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Gifted Programs in the City Are Less Diverse

When New York City set a uniform threshold for admission to public school gifted programs last fall, it was a crucial step in a prolonged effort to equalize access to programs that critics complained were dominated by white middle-class children whose parents knew how to navigate the system. The move was controversial, with experts warning that standardized tests given to young children were heavily influenced by their upbringing and preschool education, and therefore biased toward the affluent.

Now, an analysis by The New York Times shows that under the new policy, children from the city’s poorest districts were offered a smaller percentage than last year of the entry-grade gifted slots in elementary schools. Children in the city’s wealthiest districts captured a greater share of the slots.

The disparity is so stark that some gifted programs opened by Mayor Michael R. Bloomberg in an effort to increase opportunities in poor and predominantly minority districts will not fill new classes next year. In three districts, there were too few qualifiers to fill a single class. The results reflect a head-on collision of two key themes in the Bloomberg administration’s overhaul of the school system. The city has centralized and standardized admissions procedures, including those for pre-kindergarten and high school, to even the playing field and eliminate any advantage held by certain parents.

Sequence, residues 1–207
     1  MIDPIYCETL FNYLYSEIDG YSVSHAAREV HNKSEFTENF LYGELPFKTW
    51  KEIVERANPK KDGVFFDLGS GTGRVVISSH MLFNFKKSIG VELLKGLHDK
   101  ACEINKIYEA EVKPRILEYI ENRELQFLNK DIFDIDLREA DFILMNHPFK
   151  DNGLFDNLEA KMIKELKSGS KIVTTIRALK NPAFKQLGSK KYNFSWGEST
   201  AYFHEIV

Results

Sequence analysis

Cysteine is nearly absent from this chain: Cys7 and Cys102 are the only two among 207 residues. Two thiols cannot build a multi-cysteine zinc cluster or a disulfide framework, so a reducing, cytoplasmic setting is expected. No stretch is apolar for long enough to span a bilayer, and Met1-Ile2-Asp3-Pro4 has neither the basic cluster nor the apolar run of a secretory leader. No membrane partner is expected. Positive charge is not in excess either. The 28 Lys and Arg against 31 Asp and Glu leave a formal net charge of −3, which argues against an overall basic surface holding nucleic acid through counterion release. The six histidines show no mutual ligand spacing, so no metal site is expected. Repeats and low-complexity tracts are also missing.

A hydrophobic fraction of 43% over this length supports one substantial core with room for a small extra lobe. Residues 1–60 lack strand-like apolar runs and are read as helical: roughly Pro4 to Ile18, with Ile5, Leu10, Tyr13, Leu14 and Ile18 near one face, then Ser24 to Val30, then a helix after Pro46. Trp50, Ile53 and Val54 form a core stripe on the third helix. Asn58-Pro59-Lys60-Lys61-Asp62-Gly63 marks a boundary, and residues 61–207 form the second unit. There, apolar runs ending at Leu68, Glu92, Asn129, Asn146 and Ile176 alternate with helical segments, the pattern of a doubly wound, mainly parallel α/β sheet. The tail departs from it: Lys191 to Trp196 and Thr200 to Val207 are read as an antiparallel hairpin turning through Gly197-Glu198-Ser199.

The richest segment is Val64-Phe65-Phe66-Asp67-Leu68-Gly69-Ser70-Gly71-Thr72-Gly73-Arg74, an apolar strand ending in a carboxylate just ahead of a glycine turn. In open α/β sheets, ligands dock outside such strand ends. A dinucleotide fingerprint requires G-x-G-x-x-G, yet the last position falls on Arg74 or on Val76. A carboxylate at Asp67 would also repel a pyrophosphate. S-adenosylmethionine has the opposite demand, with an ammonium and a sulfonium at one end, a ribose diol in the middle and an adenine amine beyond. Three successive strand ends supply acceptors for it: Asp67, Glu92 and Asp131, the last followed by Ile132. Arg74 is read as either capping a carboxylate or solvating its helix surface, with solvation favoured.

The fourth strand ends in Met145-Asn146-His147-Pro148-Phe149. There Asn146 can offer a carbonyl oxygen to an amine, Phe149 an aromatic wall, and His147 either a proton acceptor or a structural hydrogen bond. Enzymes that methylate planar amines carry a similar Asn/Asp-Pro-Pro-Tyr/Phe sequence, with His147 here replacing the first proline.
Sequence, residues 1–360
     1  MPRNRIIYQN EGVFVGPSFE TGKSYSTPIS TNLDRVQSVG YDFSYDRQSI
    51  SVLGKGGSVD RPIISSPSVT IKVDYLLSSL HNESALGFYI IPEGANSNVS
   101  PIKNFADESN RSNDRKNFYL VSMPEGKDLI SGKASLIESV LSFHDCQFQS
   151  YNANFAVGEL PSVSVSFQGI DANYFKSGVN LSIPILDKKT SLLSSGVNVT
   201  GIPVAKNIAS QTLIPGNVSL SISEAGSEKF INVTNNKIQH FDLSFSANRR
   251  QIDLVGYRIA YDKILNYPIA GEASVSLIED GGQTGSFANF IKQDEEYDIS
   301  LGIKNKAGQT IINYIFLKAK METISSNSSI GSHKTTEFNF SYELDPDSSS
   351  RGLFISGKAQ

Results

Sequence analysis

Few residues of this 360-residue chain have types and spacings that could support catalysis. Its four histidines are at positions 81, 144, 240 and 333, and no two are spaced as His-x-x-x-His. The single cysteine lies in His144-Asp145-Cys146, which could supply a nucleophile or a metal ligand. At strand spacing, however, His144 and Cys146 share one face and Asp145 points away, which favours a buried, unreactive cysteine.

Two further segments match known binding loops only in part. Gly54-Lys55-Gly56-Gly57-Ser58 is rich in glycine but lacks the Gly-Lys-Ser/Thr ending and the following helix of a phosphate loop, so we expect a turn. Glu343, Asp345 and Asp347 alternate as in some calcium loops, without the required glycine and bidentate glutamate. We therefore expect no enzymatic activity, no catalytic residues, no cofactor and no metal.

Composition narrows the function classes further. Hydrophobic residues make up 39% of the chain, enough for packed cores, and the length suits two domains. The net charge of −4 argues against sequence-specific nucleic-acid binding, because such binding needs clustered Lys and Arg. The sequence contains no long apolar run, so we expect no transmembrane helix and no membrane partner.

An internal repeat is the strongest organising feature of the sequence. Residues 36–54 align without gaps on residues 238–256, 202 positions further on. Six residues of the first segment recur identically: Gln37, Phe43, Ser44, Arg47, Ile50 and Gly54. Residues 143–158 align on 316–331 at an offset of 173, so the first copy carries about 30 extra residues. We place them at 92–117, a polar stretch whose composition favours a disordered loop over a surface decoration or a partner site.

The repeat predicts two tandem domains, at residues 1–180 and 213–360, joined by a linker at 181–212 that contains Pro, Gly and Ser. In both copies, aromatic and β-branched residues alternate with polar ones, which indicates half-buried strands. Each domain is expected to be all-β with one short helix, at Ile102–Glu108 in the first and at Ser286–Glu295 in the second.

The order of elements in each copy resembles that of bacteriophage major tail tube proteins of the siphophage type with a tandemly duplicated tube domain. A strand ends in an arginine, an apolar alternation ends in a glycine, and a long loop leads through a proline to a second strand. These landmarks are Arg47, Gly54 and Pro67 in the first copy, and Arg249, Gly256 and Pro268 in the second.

“Clearly nobody in the Department of Education wanted this to happen, but they should have known that it would,” said James H. Borland, a professor at Columbia University’s Teachers College who studies gifted education. “The idea that somehow making this totally reliant on tests would be an improvement, it’s mind-boggling.”

The article “Gifted Programs in the City Are Less Diverse” appeared at June 19th at the “New York Times” http://www.nytimes.com/2008/06/19/nyregion/19gifted.html?hp

 

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